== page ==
Instead, the opposite happened. Tech entrepreneurs quickly found that location mattered more than ever. It helped to have your company clustered among similar companies because it made it easier to attract employees—not only those poached from the company across the street, but those who’d newly arrived because of the area’s reputation as a hub. And for employees in an industry as volatile as tech, it made sense to be somewhere where you could count on getting another good job if the first one fell apart. So you wanted to be in the hub, which in turn drew more employers there, too.
Clustering mattered not only for human resources, but for innovation, the essence of technology. There was, in one sense, nothing new in this: history is the story of cities with the right confluence of people in close quarters to spin the world forward, whether in classical Athens or Renaissance Florence or industrial-age Glasgow. “Cities are effectively machines for stimulating and integrating the continuous positive feedback dynamics between the physical and the social, each multiplicatively enhancing the other,” wrote theoretical physicist Geoffrey West in his treatise on the growth of cities and companies.
“Cities are effectively machines for stimulating and integrating the continuous positive feedback dynamics between the physical and the social, each multiplicatively enhancing the other.”
But there was something about the new digital economy that took this dynamic and trebled it. In the industrial age, a mechanical advance might be more likely to be discovered in an industrial hub, but that advance could then be dispersed to whichever place had the natural resources and manpower and transportation links to make use of it. Once Henry Bessemer made his discoveries in steelmaking, anyone with enough capital and access to coal and iron ore could build a mill. And they did—in Braddock, Pennsylvania, and Weirton, West Virginia, and Youngstown, Ohio, and Gary, Indiana.
The tech economy was different. Now the huge rewards lay in the innovation itself, which could produce outsized returns with very little additional capital. Once you came up with great new software, you could reproduce it at barely any cost—no coal and iron ore required. Everything lay in having the minds to produce that initial breakthrough. “Economic value depends on talent as never before,” wrote Enrico Moretti, an economist at the University of California, Berkeley. “In the twentieth century, competition was about accumulating physical capital. Today it is about attracting the best human capital.” Crucially, this held true even if the cluster became ever more expensive. Instead of a market rebalancing—a dispersal to more affordable locales—a feedback loop prevailed.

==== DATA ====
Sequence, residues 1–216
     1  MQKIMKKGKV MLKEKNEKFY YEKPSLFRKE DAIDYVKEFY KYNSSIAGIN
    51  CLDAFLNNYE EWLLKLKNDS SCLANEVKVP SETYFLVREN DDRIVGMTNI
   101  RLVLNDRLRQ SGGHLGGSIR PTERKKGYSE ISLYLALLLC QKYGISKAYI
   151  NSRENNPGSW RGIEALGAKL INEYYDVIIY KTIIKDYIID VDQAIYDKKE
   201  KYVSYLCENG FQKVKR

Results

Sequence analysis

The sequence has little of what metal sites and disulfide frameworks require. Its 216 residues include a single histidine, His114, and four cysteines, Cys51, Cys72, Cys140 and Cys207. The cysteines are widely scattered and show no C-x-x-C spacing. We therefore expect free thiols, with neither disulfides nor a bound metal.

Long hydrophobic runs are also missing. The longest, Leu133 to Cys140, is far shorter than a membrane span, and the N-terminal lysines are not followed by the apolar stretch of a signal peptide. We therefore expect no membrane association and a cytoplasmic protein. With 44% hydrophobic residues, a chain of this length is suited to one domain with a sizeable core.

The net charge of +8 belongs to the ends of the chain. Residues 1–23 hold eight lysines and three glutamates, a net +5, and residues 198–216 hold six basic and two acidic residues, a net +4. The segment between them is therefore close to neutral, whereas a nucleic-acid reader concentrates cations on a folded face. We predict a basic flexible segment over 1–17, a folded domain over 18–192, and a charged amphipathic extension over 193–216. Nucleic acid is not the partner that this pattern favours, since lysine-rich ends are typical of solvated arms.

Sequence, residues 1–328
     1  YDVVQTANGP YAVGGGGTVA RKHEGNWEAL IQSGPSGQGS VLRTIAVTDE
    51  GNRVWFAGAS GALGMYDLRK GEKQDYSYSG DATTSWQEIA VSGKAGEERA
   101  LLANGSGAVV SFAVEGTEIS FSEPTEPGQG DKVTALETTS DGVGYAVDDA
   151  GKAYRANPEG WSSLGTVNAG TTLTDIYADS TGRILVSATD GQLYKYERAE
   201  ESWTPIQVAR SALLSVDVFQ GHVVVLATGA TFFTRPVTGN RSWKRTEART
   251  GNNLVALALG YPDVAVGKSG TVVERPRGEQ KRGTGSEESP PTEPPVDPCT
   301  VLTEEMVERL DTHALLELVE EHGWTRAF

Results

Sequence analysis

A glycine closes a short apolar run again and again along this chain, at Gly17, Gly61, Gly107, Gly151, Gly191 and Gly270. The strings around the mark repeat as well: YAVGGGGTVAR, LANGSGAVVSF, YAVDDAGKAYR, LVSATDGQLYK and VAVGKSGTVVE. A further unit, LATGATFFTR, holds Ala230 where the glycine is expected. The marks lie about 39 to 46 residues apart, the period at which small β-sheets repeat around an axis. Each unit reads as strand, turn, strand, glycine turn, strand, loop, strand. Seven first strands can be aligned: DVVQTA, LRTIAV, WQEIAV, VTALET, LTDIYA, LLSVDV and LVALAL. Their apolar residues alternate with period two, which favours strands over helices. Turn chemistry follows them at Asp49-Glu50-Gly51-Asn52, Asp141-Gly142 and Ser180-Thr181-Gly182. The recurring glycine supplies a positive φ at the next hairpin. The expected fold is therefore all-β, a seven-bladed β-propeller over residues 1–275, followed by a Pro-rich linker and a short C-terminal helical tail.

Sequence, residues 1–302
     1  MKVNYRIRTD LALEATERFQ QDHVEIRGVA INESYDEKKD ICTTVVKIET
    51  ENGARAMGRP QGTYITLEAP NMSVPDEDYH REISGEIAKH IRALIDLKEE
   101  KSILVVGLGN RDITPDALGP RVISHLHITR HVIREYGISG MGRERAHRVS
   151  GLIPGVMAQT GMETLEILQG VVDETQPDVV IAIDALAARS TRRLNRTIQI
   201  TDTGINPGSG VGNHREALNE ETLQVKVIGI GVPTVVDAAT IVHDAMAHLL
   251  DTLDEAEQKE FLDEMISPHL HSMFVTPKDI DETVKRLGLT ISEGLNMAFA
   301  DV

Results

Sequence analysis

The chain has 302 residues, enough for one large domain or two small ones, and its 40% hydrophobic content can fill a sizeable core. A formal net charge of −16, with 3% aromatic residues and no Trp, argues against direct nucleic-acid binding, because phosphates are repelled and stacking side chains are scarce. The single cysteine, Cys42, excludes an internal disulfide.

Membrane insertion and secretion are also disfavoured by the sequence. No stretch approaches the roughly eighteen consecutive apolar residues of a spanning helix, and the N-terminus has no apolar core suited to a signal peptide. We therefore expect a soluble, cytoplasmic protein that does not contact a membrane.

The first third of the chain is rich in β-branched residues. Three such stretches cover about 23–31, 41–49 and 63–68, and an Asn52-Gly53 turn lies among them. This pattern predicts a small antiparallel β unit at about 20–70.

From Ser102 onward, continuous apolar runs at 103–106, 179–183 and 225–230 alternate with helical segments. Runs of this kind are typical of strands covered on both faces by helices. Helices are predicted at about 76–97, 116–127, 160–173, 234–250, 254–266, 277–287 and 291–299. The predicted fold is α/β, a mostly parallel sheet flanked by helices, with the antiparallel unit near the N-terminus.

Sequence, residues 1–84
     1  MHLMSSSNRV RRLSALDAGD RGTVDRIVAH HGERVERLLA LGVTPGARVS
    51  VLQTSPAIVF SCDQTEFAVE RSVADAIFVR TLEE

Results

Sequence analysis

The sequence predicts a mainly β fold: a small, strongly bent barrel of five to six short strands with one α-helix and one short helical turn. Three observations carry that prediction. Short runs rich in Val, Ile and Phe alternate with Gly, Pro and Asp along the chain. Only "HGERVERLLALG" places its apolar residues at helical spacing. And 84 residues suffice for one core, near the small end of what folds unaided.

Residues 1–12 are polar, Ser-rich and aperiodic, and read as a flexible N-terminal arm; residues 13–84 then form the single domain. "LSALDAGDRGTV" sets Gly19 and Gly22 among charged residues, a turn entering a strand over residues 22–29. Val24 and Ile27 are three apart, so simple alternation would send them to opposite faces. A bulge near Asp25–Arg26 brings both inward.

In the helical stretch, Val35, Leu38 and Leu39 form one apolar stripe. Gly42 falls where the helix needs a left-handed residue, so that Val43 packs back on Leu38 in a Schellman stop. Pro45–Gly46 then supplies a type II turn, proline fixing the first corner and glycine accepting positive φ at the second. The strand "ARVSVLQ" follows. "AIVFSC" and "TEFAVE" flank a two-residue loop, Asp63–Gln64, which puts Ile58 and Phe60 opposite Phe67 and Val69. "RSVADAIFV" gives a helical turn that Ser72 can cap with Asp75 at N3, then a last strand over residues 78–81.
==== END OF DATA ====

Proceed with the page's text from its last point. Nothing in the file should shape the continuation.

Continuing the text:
The implications of this for Seattle were not yet clear in 1994 when Bezos and his wife, MacKenzie, arrived in town. They rented a house in Bellevue for $890 per month, deliberately choosing one that had a garage, albeit converted into a rec room, so that Bezos could later adopt the customary “garage start-up” mythology. For a few months, Bezos ran the company out of the garage before finding an office and basement space in a building in the industrial district south of downtown Seattle.
By this point, the company had a name. After starting with Cadabra.com and mulling Awake.com, Browse.com, Bookmall.com, Aard.com, and Relentless.com, Bezos settled on Amazon.com.
“This is not only the largest river in the world, it’s many times larger than the next biggest river,” he said, as reported by the journalist Brad Stone in his 2014 book on the company. “It blows all other rivers away.”
Years later, Charles D’Ambrosio, a writer whose essays had evoked the scruffy, melancholy charm of Seattle in the 1970s, could scarcely recognize the city. “For me, the city is still inarticulate and dark and a place to call home because I’m in thrall to failure and to silence—I have a fidelity to it, an allegiance, which presents a strange dislocation now that Seattle’s become the Valhalla of so many people’s seeking,” he wrote. “The idea of it as a locus of economic and scenic and cultural hope baffles me. It a little bit shocks me to realize my nephews and nieces are growing up in a place considered desirable.”